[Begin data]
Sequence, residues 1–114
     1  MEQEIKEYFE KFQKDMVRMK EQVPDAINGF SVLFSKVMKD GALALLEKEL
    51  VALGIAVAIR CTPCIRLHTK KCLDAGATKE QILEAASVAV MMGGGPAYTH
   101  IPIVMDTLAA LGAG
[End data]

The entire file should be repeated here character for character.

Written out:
Sequence, residues 1–114
     1  MEQEIKEYFE KFQKDMVRMK EQVPDAINGF SVLFSKVMKD GALALLEKEL
    51  VALGIAVAIR CTPCIRLHTK KCLDAGATKE QILEAASVAV MMGGGPAYTH
   101  IPIVMDTLAA LGAG